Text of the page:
Continuing Patent Applications

Posted Saturday, June 13, 2015.

Success! Your patent application was approved by the patent office and is scheduled to issue in the next few weeks. Congratulations… and you should really consider having an additional application filed for your invention before your first patent issues. If you are bringing the invention to market as a product for sale, or if you are disclosing the invention to potential licensees, an additional application is an inexpensive way to ensure you can get additional patent coverage in changing market conditions.

To better understand why, we need to remember that the scope of coverage that your patent offers is specified by the patent claims. Patent claims are recited at the very end of the patent document and are one sentence descriptions of intellectual property for which you are granted the exclusive right in your patent.

The patent claims are analogous to a legal description for a piece of real estate. A legal description for real estate often references a survey map which is stored in a county recording office, but it can also expressly call out boundary lines for the parcel of real estate using latitude and longitude, or some other means of expressing geographic lines. Within those boundaries lies the real property for which the owner has the exclusive use.

Patent claims are similar in that they describe the boundaries of the intellectual property which the patentee has the exclusive right to make, use, and sell. Patent claims are slightly different from legal descriptions of real estate, however. While legal descriptions for real estate generally use standardized language, patent applicants (or their representatives) get to choose their own language when submitting patent claims.

Your patent attorney will do the best job possible getting a patent claim approved by the patent office which completely describes your invention. However, once your patent issues and your competitors become aware of the patent, they will be reading the patent to see if they can figure out a way to “design around” your patent. In other words, they will see if there is a way to design their competing product so that they don’t infringe your patent.

A competitor may alter a component of their product so that it no longer includes something essential to your patent claim. There are various legal doctrines which will still protect a patentee in this situation, such as the Doctrine of Equivalents (read more about the Doctrine of Equivalents here). In short, at trial the result should be that if the accused infringing device performs substantially the same function in substantially the same way to yield the substantially the same result, it still infringes even if the patent claim in question doesn’t exactly cover the device.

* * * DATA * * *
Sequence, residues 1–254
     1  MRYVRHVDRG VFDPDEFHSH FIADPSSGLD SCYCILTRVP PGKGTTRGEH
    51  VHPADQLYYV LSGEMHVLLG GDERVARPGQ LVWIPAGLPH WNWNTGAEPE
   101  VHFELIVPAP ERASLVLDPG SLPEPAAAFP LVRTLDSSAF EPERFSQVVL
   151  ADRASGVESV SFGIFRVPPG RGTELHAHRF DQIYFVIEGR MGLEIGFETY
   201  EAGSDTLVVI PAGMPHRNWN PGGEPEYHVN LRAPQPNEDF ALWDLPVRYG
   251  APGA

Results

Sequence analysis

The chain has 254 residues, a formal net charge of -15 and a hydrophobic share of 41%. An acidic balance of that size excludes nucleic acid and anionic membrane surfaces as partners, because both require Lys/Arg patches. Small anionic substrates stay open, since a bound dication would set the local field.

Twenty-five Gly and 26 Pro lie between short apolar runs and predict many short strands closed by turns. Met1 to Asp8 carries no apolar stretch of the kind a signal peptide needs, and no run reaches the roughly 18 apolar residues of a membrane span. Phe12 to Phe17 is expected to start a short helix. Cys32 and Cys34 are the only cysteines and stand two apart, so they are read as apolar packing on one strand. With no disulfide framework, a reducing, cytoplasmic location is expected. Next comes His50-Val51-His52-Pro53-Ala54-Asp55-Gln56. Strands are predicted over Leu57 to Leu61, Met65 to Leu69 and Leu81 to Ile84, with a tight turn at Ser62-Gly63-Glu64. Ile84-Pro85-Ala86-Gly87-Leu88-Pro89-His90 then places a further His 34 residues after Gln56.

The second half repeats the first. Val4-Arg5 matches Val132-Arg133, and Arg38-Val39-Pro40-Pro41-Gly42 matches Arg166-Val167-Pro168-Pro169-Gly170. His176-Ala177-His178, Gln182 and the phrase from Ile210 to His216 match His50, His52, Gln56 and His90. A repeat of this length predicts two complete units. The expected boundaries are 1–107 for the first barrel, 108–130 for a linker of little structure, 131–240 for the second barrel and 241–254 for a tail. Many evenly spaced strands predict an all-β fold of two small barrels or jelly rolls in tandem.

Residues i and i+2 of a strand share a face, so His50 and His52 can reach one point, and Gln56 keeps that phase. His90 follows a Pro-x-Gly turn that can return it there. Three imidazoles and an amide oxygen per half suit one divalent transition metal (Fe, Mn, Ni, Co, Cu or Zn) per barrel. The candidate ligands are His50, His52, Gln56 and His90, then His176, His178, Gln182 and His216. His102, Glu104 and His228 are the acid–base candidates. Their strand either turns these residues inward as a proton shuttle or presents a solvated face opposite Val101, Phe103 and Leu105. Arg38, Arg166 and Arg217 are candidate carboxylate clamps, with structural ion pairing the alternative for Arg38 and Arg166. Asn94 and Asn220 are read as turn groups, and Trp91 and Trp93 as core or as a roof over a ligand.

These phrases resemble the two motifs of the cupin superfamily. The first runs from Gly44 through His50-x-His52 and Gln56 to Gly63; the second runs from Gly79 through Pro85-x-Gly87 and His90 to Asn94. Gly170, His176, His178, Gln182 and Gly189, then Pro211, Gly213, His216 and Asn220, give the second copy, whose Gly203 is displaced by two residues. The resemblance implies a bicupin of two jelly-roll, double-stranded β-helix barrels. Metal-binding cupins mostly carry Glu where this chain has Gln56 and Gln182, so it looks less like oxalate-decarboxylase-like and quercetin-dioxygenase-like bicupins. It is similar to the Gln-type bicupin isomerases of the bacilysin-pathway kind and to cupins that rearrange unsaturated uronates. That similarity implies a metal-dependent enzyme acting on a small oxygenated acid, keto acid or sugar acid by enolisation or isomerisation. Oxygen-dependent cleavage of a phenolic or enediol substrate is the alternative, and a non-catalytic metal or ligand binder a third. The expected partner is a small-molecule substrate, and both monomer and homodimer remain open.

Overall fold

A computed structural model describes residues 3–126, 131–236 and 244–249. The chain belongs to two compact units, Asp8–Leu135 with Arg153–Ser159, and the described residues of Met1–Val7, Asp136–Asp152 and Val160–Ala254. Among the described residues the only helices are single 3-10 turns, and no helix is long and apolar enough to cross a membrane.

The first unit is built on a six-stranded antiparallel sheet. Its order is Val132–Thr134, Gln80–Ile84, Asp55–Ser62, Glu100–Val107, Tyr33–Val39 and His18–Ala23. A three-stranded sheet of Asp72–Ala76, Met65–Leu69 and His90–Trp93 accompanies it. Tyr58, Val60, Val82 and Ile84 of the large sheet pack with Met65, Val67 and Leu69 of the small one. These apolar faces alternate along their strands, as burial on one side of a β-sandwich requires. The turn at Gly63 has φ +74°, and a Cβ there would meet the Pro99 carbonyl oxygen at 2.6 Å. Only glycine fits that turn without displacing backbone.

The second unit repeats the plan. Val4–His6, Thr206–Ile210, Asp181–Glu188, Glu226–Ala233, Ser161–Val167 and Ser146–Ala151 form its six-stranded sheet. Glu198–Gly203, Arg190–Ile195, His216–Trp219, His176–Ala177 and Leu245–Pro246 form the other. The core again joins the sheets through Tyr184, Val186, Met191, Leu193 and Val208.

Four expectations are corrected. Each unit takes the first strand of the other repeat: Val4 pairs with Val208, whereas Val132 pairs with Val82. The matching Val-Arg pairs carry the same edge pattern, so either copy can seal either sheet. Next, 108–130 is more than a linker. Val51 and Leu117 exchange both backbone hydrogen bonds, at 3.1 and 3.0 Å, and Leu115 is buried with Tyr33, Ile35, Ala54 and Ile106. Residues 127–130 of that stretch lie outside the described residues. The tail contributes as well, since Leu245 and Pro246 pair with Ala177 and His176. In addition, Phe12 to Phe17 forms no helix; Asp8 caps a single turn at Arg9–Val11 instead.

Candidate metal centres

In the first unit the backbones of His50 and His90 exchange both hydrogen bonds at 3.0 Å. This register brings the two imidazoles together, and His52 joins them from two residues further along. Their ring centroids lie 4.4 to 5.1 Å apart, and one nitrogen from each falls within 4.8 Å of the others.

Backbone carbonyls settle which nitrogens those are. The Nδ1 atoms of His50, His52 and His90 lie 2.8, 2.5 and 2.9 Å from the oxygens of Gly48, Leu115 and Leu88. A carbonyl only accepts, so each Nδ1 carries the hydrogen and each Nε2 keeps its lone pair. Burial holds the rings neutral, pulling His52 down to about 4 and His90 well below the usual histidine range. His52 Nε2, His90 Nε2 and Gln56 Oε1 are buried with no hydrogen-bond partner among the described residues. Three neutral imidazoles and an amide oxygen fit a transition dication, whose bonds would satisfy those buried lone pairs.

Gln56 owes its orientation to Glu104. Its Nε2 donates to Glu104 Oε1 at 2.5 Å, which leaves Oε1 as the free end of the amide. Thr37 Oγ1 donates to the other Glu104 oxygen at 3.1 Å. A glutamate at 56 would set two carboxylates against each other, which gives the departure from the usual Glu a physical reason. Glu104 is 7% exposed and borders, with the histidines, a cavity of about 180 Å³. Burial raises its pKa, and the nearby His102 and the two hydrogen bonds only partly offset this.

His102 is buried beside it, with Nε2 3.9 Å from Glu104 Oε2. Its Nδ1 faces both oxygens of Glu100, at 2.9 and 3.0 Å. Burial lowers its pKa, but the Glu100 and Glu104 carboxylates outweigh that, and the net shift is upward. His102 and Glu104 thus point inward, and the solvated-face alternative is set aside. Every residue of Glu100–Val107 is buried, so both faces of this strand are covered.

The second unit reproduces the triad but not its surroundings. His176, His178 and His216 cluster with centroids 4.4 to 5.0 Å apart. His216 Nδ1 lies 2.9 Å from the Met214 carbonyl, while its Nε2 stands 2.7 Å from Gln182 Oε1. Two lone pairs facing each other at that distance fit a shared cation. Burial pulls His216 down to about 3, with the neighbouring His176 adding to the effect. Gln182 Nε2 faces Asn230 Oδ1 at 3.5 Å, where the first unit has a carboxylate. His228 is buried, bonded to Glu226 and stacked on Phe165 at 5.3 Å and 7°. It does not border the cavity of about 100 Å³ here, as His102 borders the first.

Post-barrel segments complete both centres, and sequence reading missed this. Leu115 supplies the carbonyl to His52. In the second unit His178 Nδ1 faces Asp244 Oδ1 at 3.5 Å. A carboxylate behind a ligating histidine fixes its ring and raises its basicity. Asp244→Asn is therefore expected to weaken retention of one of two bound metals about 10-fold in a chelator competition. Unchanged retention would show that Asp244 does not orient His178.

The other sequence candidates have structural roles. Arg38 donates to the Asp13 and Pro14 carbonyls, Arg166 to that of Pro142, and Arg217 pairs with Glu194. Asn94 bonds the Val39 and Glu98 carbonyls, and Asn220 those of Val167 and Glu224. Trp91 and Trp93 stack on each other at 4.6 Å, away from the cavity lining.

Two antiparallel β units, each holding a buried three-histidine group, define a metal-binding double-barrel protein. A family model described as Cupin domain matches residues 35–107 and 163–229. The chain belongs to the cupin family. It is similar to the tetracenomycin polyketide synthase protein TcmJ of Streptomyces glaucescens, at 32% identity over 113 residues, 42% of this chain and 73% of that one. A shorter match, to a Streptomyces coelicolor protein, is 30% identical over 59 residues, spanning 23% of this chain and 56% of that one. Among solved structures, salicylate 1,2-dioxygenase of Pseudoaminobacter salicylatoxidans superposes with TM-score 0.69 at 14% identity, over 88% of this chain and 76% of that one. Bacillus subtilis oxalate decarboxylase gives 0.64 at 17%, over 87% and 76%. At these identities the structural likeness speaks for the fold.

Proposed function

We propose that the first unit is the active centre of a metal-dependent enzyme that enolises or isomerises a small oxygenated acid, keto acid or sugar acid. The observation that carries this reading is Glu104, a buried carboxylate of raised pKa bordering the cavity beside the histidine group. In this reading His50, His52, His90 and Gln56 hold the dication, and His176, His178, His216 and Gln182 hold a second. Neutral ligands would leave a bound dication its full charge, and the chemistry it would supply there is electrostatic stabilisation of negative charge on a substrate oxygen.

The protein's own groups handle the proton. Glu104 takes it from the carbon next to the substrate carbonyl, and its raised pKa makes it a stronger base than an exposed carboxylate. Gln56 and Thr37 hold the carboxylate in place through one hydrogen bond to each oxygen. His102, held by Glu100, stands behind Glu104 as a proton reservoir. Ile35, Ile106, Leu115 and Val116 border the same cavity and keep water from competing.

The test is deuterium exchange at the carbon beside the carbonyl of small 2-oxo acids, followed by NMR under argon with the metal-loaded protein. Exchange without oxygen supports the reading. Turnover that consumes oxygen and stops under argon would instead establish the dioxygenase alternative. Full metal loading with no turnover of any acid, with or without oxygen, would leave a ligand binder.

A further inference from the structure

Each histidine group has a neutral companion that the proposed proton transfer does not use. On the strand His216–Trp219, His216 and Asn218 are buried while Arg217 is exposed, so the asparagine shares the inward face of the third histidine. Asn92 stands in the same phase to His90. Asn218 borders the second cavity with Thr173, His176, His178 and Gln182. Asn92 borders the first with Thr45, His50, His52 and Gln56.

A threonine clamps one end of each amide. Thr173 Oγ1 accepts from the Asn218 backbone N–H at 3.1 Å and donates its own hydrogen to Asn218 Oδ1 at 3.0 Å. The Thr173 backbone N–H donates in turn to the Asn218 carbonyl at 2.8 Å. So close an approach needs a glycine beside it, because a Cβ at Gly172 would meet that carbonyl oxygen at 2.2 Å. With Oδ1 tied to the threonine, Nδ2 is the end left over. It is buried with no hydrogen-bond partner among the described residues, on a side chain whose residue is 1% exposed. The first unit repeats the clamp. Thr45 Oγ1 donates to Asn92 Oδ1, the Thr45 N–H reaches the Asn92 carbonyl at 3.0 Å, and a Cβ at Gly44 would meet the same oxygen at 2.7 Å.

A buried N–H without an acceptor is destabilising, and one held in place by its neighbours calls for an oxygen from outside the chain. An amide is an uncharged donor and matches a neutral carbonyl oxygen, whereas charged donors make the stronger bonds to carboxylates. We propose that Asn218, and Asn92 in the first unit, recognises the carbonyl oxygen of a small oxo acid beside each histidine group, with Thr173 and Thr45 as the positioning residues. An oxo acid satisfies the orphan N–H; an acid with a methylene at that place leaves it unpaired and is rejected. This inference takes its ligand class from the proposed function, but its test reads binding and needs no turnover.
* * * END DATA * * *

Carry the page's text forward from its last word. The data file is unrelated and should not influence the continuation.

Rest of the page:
But litigating a patent is very expensive, much more so than obtaining a patent. Removing questions that need to be resolved at trial is highly beneficial through reducing the expense of patent litigation. And one way to negate the question of whether an accused infringer is selling an infringing device, even if it isn’t exactly described by the patent claims, is to obtain an additional set of patent claims which do exactly describe the accused infringing device. That makes it a shorter trial – or even obviates the trial entirely once the accused infringer sees your new claims and decides to settle.

The manner of obtaining that additional set of patent claims is to file an additional application in the patent office for the invention – one which uses language which fits on the accused infringing device more precisely. The cost of obtaining a second patent which reads right on the accused infringing device is almost trivial when compared to the cost of litigating the issue. When you bring that second patent to court, there are many fewer issues to litigate, significantly reducing your cost to enforce the patent.

There are limits to this strategy however. The first is that the patent claims in your second application must be able to be supported by the description of the invention contained in your first application. Simply put, you can’t claim an invention that you didn’t have in mind and disclose at the time the first application was filed.